Kelly Chang Rickert: Well I usually tell the client you’re entitled to as much as your husband is or your husband is entitled to as much as your wife is because whoever came to see me first I’m representing.
So it’s not like I have a particular predilection for one side, but the truth is both sides have equal rights. I mean even if you’re a traveling father, let’s say you’re out and you don’t spend as much time with the kids it doesn’t mean that you don’t get the kids when the divorce happens. A lot of times, fathers do step up when there is a divorce, because now half the time the kids are with them and that relieves the mother and then the mother who was once stuck at home without a career can now make her own career.
So it’s a reorganization of family. I read this off somebody else’s website which I thought was really clever, because as a divorce attorney you’re not just dividing assets you’re reorganizing their life.
So you’re trying to put people on a new path without destruction. You want to make sure that you don’t kill them.
- Craig Williams: Let’s talk about the stay-at-home parent, the one who is not the breadwinner and really has no skill set to be able to enter into the marketplace or not a current one, what happens in those circumstances?
Kelly Chang Rickert: So I guess it would depend how long the marriage was and how old the stay-at-home person was. Nowadays 51% of the workforce is women, so it’s not that big of a concern now, because both sides do work and strangely enough, a lot of times divorces happen in to working households, because there’s like an imbalance of work and family.
But that’s a different issue, but yeah, I don’t see as many — like if a one of us truly stay at home for 30 years it’s — I don’t see as many of those divorces, but there are still remedies. So let’s say you’re married for five years and the wife would stay at home for five years, there is a way if she’s still youthful enough to get her retraining and back into the workforce. And almost every single stay-at-home mom that later went into the job force has came back and told me it was the only thing that kept them sane, because working provides camaraderie, it gives you a sense of accomplishment and purpose that you would otherwise not achieve being a stay-at-home parent.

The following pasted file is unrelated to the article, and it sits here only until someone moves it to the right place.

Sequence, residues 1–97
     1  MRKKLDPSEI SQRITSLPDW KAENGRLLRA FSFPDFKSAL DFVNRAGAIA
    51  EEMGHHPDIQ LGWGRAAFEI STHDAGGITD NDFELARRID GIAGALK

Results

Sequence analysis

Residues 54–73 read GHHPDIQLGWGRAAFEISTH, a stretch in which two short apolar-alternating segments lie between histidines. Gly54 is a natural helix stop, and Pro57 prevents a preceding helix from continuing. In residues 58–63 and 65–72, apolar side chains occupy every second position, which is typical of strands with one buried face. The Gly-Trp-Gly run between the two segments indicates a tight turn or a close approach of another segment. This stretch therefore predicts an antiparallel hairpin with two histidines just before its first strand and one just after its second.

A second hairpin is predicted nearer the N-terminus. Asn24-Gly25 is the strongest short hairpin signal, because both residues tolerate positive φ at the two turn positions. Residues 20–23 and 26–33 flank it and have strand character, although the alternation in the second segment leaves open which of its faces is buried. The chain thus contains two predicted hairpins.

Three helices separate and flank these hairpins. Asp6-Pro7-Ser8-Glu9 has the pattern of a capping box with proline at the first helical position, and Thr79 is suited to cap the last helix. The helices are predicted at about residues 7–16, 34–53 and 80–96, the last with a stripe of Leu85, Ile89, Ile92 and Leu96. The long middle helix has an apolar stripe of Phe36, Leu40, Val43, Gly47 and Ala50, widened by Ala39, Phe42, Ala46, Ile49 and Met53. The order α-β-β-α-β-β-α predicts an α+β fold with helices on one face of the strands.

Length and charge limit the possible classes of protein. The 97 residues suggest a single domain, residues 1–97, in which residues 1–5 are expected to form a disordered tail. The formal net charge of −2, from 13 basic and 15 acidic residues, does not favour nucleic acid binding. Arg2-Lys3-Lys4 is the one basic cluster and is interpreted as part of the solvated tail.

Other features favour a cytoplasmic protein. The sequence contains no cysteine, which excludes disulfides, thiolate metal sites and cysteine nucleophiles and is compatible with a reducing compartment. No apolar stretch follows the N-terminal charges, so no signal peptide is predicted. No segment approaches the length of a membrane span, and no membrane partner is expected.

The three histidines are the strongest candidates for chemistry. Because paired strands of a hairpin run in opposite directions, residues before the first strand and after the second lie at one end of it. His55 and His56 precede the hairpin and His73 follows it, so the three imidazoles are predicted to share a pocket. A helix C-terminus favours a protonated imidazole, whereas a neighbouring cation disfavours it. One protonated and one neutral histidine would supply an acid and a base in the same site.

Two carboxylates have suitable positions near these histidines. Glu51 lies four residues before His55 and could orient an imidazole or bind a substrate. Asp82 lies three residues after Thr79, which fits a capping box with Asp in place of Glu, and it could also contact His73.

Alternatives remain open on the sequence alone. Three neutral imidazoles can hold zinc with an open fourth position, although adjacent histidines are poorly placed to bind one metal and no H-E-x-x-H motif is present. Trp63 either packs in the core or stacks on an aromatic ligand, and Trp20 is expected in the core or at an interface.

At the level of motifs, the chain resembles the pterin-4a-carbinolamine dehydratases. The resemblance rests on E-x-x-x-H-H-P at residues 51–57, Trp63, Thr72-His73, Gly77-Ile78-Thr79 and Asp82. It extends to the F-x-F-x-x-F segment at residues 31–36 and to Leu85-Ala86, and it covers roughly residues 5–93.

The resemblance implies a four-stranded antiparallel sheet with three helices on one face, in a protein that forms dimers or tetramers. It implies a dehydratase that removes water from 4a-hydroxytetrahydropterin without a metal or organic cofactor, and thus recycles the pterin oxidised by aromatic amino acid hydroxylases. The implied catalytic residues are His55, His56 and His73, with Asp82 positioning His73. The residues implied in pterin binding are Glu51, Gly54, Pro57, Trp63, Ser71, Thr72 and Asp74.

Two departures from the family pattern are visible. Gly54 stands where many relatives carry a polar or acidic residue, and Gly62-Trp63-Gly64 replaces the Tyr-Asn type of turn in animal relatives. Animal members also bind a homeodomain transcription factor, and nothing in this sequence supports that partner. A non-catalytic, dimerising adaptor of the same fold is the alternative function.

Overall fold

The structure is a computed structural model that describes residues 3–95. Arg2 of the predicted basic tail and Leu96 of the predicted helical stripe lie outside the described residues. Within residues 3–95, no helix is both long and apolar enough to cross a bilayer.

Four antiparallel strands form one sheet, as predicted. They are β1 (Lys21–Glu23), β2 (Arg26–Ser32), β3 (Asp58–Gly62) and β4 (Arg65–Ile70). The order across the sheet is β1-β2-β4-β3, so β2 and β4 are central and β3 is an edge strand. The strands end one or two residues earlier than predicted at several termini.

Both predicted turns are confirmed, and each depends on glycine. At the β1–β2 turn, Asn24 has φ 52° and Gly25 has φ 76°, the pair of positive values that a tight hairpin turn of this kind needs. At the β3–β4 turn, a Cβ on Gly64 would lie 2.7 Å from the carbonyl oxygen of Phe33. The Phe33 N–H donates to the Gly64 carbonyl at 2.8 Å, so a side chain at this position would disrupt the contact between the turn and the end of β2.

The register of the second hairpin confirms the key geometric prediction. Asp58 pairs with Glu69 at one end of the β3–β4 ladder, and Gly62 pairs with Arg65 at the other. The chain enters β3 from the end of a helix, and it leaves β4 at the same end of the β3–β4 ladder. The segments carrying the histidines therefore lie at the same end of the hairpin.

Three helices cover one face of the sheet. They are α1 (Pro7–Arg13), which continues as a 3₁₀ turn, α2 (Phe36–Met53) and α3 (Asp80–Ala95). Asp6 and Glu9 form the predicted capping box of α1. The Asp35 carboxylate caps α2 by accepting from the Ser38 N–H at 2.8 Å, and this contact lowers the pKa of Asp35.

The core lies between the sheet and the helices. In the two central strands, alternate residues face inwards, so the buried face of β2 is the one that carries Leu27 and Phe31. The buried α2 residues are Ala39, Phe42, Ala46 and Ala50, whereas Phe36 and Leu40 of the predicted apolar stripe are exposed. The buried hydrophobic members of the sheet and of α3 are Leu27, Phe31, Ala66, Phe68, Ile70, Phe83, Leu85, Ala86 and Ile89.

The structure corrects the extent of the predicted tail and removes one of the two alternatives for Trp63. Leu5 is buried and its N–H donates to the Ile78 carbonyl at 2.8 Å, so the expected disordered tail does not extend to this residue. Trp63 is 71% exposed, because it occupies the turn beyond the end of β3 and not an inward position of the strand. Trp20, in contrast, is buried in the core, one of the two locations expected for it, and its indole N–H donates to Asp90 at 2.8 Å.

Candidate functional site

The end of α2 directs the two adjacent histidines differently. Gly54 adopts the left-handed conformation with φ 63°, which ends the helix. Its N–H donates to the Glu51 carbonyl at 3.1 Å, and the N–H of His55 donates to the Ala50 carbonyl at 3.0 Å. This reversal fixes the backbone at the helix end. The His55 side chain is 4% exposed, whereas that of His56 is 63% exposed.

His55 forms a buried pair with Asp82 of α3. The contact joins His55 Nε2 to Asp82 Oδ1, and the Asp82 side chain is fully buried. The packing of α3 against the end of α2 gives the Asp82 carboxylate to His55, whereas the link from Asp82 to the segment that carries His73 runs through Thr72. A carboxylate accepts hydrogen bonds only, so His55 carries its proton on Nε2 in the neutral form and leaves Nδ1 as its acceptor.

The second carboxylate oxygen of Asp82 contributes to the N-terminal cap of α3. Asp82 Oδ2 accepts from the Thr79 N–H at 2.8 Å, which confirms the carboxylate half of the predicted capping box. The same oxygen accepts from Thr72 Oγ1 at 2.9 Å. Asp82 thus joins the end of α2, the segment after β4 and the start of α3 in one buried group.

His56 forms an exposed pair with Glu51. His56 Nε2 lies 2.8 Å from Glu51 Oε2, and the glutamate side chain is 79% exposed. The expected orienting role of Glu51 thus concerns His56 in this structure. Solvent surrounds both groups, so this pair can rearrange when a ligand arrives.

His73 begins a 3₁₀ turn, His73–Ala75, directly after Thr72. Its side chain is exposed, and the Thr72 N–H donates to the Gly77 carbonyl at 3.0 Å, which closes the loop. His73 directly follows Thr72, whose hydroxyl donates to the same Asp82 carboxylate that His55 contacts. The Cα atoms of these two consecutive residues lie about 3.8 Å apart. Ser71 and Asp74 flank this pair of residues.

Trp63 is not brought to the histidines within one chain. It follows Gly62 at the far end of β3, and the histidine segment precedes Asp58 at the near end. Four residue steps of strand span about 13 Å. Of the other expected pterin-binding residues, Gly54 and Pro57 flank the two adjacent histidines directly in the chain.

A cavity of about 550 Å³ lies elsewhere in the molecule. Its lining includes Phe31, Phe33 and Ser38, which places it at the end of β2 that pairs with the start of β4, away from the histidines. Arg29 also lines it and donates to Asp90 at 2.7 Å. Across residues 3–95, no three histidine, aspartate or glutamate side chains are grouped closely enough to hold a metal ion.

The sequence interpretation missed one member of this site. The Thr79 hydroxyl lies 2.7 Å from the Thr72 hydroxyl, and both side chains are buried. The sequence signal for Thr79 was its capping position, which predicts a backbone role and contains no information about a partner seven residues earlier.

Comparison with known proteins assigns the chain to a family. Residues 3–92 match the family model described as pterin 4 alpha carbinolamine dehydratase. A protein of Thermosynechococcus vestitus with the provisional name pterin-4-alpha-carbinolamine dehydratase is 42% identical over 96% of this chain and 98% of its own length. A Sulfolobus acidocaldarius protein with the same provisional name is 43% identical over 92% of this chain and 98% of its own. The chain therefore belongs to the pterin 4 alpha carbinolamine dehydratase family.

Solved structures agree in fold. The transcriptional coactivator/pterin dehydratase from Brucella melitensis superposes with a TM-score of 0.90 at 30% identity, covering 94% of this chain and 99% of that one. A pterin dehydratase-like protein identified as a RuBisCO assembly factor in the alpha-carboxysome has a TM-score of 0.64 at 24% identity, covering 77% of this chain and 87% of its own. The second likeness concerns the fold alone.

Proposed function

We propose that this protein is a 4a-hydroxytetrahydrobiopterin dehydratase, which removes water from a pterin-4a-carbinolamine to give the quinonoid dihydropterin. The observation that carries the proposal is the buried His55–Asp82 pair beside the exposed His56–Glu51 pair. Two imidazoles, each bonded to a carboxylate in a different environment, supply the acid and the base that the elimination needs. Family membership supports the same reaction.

So I do think working is very, very healthy for stay-at-home people.
- Craig Williams: Well, let’s talk about the new mediation law in California Evidence Code §1129. You’ve written about that a little bit.
Kelly Chang Rickert: Yeah sure. There’s been this fight. Historically, mediation communications are protected. So what that means is if you’re an attorney and you’re going through mediation with your client, if your client later decides to sue you for malpractice, all the communications made during the mediation even if it’s something like oh you should take it, you’re going to do a better — that cannot come out because it’s confidential.
So what occurred after that is that there was a lot of attorneys committing malpractice because they’re not properly advising their clients and their clients can’t sue them because they’re a mediation.
And so they were trying to get rid of the mediation confidentiality law when it comes to lawyers representing clients and mediations, but it turned out that, that did not happen, instead a compromise arose which is Evidence Code §1129. So now you have to give your clients an advisory if you’re in mediation, that all these communications are confidential, but they can still sue you for malpractice under other circumstances but not under that using the communications done in mediation.
- Craig Williams: Is it beyond family law or just in family law?
Kelly Chang Rickert: It’s everything. If you’re in mediation, you can use the advisory contained in §1129, it’s a text that you can generate, you sign it, and you have your client sign it.
- Craig Williams: Well, tip for lawyers to be careful about.
Kelly Chang Rickert: Yeah. It came out January 1st of 2019 and the code actually provides the text that you should give to your clients. So what everybody should do is print in 12-point format which is what the code requires and it has to be not attached to anything else, it’s just for this one advisory, you explain it to your client, you have them sign in then you sign it.
- Craig Williams: And do you find that attorneys are knowledgeable about that or is this something that you’re seeing in mediations that isn’t occurring?
Kelly Chang Rickert: It’s something that clients do with their attorneys. So I – wouldn’t like it just because I haven’t seen it from an another attorney doesn’t mean that it’s not happening, because it’s an interaction between the attorney and client. My office does that. I don’t know if others do it, it should be though because it’s a new law and any attorney that enters into mediation with the client should absolutely use it, it’s the law.
- Craig Williams: Right. So when you do mediation do you have — are each one of the husband-and-wife separately represented by attorneys or can they be or can they not be, what’s the format that you use?
Kelly Chang Rickert: So the majority of my mediations I am the neutral mediator and the parties are not represented. They have consulting attorneys on the side but they’re not represented. So the paperwork I prepare for them has each of their names in pro per.